laura ingalls wilder

Pa’s grave marker back home

Charles Ingalls’ tombstone was re-etched and now looks as good as new


Since October of last year, if one drove out to the De Smet Cemetery to see Charles Ingalls’ grave marker, all that could be seen was a stone base. The marble pillar had been removed and taken to Ortonville, Minn.

An anonymous donor had asked the Laura Ingalls Wilder Memorial Society to restore the carvings on the marble tombstone.

Once there, the crew at Rausch Brothers Monument Company, Inc. re-etched the grave marker to restore it to a nearly new condition, allowing visitors to the grave site to read the engravings.

Marble is a soft stone, so the utmost care was used in handling, transporting and reworking the engravings. All the effort put into the grave marker was worth it, as the marker is easy to read and looks like it is new.

Marble weathers easily, and if rubbed, can show some wear. Charles’ tombstone is the only Ingalls’ family gravestone made of marble; the remaining tombstones are made from granite.

The grave marker was originally planned for a return after the first of the year. Even with the delays in returning the stone, it still made it back to its original location in time for the tourist season.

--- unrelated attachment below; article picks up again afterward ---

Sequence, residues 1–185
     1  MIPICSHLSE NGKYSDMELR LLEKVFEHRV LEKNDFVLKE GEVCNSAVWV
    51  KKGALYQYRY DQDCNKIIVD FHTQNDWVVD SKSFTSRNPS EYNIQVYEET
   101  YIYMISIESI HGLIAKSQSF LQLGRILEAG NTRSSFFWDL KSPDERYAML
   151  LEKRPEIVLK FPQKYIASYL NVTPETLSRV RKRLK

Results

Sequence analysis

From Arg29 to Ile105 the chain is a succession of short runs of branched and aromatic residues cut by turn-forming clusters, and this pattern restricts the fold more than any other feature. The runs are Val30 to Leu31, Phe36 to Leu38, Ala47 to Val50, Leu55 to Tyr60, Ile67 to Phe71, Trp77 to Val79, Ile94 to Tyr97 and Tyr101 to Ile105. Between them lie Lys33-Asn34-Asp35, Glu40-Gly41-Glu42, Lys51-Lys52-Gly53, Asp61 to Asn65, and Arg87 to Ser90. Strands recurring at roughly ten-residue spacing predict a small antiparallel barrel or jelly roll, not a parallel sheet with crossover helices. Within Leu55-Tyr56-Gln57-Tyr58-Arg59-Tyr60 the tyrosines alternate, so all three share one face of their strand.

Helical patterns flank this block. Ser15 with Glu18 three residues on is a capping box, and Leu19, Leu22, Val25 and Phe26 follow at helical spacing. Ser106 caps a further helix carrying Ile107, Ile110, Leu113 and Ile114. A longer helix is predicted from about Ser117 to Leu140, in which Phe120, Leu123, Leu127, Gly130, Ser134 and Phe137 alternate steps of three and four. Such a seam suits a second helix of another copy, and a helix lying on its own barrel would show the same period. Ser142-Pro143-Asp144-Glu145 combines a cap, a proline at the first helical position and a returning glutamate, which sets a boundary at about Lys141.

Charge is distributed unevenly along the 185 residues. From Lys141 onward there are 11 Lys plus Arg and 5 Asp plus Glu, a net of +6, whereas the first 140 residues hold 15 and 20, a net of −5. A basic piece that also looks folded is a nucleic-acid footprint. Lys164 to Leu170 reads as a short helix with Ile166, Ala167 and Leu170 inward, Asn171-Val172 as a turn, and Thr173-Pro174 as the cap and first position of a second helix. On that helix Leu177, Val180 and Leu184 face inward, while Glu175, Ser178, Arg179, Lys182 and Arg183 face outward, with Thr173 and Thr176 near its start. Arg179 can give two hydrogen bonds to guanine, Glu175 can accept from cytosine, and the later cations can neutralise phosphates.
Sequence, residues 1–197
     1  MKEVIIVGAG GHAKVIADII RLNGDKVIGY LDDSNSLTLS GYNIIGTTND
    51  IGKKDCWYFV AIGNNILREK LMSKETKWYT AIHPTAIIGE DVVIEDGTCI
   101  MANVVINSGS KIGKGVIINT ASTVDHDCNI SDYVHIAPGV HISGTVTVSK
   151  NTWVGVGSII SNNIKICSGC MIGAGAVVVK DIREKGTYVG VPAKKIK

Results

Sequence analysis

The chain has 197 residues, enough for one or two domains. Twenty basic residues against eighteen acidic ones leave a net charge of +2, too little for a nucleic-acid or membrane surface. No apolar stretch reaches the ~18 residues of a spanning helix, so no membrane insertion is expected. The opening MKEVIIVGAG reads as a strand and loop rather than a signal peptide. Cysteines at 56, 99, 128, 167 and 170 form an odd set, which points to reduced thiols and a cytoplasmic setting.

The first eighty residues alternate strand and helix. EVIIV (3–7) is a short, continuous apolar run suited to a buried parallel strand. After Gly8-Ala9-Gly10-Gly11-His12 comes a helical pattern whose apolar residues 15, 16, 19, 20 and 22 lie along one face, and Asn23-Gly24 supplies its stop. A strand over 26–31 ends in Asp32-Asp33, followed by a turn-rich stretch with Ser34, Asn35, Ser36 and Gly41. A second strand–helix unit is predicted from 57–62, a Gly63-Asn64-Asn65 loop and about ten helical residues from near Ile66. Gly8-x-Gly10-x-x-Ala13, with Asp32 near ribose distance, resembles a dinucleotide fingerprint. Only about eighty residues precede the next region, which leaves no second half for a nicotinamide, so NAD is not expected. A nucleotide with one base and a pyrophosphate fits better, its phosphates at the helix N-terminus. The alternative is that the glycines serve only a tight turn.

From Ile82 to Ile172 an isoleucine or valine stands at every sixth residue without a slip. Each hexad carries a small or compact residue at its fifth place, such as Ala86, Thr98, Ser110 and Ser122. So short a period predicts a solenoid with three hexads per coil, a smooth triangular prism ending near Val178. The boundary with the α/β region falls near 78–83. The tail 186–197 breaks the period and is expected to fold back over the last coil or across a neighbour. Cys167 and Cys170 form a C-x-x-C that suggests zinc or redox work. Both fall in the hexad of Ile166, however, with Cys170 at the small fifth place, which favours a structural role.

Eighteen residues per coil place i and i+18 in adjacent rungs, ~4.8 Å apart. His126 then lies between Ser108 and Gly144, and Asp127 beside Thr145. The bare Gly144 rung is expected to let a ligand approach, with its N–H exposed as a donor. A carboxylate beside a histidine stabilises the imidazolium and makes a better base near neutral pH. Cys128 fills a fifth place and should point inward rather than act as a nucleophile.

The Ingalls’ gravesites are very popular with the tourists who travel to De Smet for the Ingalls and Wilder experience. Many different coins and stones are placed upon the grave markers at the site. The placing of coins on a tombstone was initially a military sign of respect and acknowledgement, and this tradition is now mainstay and includes the placing of polished stones or gems.

It is believed that Pa’s marker was placed at the time of his death in 1902. In 1959, the tombstone had the same problems with readability of the inscriptions, looking weathered and worn. Rose Wilder Lane, Charles’ granddaughter through Laura, had the stone re-cut.

Along with Charles, his wife Caroline, daughters Mary Ingalls and Mrs. David (Carrie Ingalls) Swanzey and a baby son to Laura Ingalls Wilder and her husband Almanzo were all laid to rest in the family plot. Laura and Almanzo were both buried at Mansfield Cemetery, in Mansfield, Mo., along with their daughter Rose Wilder Lane.


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